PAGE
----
Light precedes every transition. Whether at the end of a tunnel, through a crack in the door or the flash of an idea, it is always there, heralding a new beginning.
Serendipity. I’ve always loved that word… Well, this week I experienced it in the creative process. I didn’t get to where I was going, but I found something else quite lovely on the way there…Isn’t it great when that happens?
As I mentioned in my last post, I’ve been taking an online course in Abstract Photography offered by Kim Manley Ort. This week, we were looking at the history of abstract photography and delving into the work of some of its most well-known practitioners. We were to select an artist whose work we resonated with and create a piece that drew on that inspiration.
I chose Andre Gallant, a Canadian photographer known for “dreamscapes” and abstract impressionism using a variety of photomontage techniques, including multiple exposures. I decided to experiment with multiple exposures and set out to try to capture natural ones like he did.
I found out how incredibly difficult it is to use this technique to create an abstract piece that didn’t look like a big mistake!
So my first attempt was decidedly unsuccessful; I wasn’t able to create a truly abstract image using multiple exposures.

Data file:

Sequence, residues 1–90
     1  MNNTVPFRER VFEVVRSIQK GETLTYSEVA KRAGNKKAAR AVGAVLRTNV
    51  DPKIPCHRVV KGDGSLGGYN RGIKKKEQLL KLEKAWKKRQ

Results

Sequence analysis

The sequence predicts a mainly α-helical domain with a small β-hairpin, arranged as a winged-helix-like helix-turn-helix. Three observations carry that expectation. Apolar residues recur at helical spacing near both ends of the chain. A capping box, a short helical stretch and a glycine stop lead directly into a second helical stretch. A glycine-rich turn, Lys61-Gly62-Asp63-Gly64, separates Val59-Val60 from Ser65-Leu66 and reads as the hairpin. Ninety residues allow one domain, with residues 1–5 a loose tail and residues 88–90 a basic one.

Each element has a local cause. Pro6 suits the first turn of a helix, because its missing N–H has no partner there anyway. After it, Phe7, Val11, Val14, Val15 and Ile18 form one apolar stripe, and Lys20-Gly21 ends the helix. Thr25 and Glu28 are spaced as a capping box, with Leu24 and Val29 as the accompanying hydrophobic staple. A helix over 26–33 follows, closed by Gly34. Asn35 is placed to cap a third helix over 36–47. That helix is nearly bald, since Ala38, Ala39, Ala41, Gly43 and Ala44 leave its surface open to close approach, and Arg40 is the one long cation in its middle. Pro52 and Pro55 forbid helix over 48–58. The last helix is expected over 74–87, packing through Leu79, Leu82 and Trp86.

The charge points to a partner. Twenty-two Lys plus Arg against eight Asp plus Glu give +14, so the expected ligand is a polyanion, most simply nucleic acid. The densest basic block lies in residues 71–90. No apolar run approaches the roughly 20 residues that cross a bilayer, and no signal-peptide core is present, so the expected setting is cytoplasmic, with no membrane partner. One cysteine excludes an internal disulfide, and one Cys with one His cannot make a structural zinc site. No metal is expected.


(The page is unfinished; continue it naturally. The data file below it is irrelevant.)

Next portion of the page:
But, when I looked at what I did capture, I was still pleased with the way some of the flower images had turned out. You couldn’t call them abstract because they were still recognizable as flowers, but they were definitely impressionistic.
The multiple exposure seemed to enhance the dreaminess of the flower petals and emphasize the delicacy and subtlety of the overall image.
So serendipity took me down another road — one I think I’ll be coming back to further explore in the future. I still have to work on my abstracts though!
Continuing along the thread of poetry I started, I found (was given, actually, by my poetry troubadour friend) this simple poem about simplicity by a Palestinian poet named Taha Muhammad Ali.
Every since I started making images, I have been striving for simplicity. It’s what speaks to me most directly and powerfully and what resonates most deeply. Often it is a simple impression I want to convey, a feeling, a mood, even an idea…
This week’s photo challenge is about capturing moments of wonder “when the infinite catches us by surprise” stumbling “upon it in things both big and small.” And for me, it is often the small things that I return to over and over — a silent leaf caught in the light can be every bit as glorious as the thumping thunder of Victoria Falls.
it has taken me
all of sixty years
that water is the finest drink
and bread the most delicious food
and that art is worthless
unless it plants
a measure of splendor in people’s hearts.
TAHA MUHAMMAD ALI
I recently read a wonderful post by Leo Babauta of Zen Habits that touches beautifully on the essence of simple living. It’s about stripping down to the very basics — and revelling in them.
Sharing with Friday Finds.
From a distance, it looked like an ordinary swimming pool, except, except…
I looked at it in a certain light at a certain time from a certain angle, and it was extraordinary…
Sharing today with Tuesday Muse.